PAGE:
Taking personality tests and doing journaling exercises is a perfectly fine thing to do. I've done several myself and there are some that I recommend. But in the end they won’t save you from the uncertainty of trying to do something you’ve never done before.
Undervaluing the importance of doing something meaningful
Sometimes the journey toward meaningful work can feel so daunting that we find ourselves understating its importance.
“I’ve met several people who don’t really like their jobs and they seem to be doing just fine! Heck, not everyone can find their passion anyway. Who’s going to bag groceries and do accounting? We can’t all be artists.”
If you find yourself saying these things, it’s probably a clever way to squirrel your way out of doing what you know you need to do.
Of course there are other important areas of life—relationships, health, finances, wellness, spirituality. But all these areas are only further improved when doing work you find meaningful.
Thinking it has to be an “art”
Pursuing work you love doesn’t mean it’s always an art. For some people, accounting could be their passion—my mom has been doing taxes for over twenty years and she loves it.
Unfortunately when online advice givers talk about doing meaningful work, they usually only mention idyllic careers—content creation, owning a business, writing, music, painting, etc.
Maybe you want to be a personal trainer, a real estate agent, or an activities coordinator at a senior care facility. I’ve know people who do these and love their work.
Remember that meaningful work is anything you lose yourself in and are willing to devote your life to.
Thinking that age is a factor
This is one of the most common reasons why people don’t try to change their life. I’ve seen 19-year olds in Reddit threads asking “Is it too late?” If only they would have the perspective that their 40-year old self will inevitably have: You have so much time, just take action!
Whether you’re 23, 37, or 48, know that there is always someone older than you who did it. Martha Stewart started her catering business at 35. Francis Milton Trollop didn’t start her writing career until she was 50 (she wrote 40 books). Kernal Sanders opened the first KFC when he was 62.
And if you think it’ll take too long, understand this: The next five years are going to pass no matter what you do. So you may as well start working on creating the life you want.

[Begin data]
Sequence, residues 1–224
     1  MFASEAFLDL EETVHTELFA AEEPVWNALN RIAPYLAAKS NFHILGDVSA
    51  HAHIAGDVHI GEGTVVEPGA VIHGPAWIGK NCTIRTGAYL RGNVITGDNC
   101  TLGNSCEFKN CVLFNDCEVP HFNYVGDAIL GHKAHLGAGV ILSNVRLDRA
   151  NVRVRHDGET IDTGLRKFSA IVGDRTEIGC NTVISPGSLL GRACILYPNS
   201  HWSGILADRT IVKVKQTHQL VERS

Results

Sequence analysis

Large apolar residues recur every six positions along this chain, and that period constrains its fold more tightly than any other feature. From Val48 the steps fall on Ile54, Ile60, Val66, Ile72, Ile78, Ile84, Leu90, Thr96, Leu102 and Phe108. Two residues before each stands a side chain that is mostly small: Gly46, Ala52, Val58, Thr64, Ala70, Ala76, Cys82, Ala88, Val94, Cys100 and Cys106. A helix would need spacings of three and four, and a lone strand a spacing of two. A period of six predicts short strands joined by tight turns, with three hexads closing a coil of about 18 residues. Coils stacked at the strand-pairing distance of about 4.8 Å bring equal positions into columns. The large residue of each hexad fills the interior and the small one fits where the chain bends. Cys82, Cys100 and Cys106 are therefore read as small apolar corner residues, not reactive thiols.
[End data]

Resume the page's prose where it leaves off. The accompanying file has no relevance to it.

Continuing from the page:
“Ten years from now you will surely arrive. The question is where?" - Jim Rohn
Thinking you’re taking the easy way out
“Remember, no more effort is required to aim high in life, to demand abundance and prosperity, than is required to accept misery and poverty.” - Napoleon Hill
Embarking on the adventure of finding your passion might not be easy, but staying in the same place isn’t either. It might be easier in the short term, but with every year that passes, the weight of the unlived life feels heavier and is harder to ignore.
In the short term it’s easy to let your life remain the same. But in the long-term it’s a tough road for the emotions.
Pursuing things you think you “should”
Our "shoulds" can come from anywhere: parents, teachers, peers. But they can also come from (and just as commonly) ourselves.
Your own ego will make you feel like you should do something “great”. And because it’s so grand, it’s also vague.
Or you’ll want a job that impresses people. Something that when you tell others your job title, you see the listener's eyebrows raise.
This is ego. When the ego is in the driver’s seat, the car ends up going off a cliff.
Remember that great things start small. Books often start as an essay or a short story. The biggest online influencers start with a single video. And many great careers start with a small project or new skill learned.
Everybody here is driven to achieve. And when you have an extra ounce of energy or 30 minutes of time, instinctively and unconsciously, you’ll allocate it to whatever activities in your life give you the most immediate evidence of achievement. And our careers provide that immediate evidence of achievement. - Clay Christensen
When we don’t know what we want, we end up chasing what is most available. Many people avoid the effort of figuring out what they truly want because it can be challenging. Instead, they choose the easier route of working tirelessly to make more money without a clear purpose.
Without knowing how much money is needed to support their desired lifestyle, they default to continuously chasing more money.
Failing to clarify the lifestyle you aspire to and its associated costs can result in anxiety. When things are unclear, the mind tends to worry and spiral into negative thoughts. It is essential to define your goals and aspirations to avoid this uncertainty and lead a fulfilling life.
Maybe the reasons listed above are what’s keeping you from finding your purpose and living a life of meaning. Or maybe it wasn’t mentioned here and you’ll need to do some further digging.
Either way, everybody is different and so are our problems and limitations, so take the time to identify yours.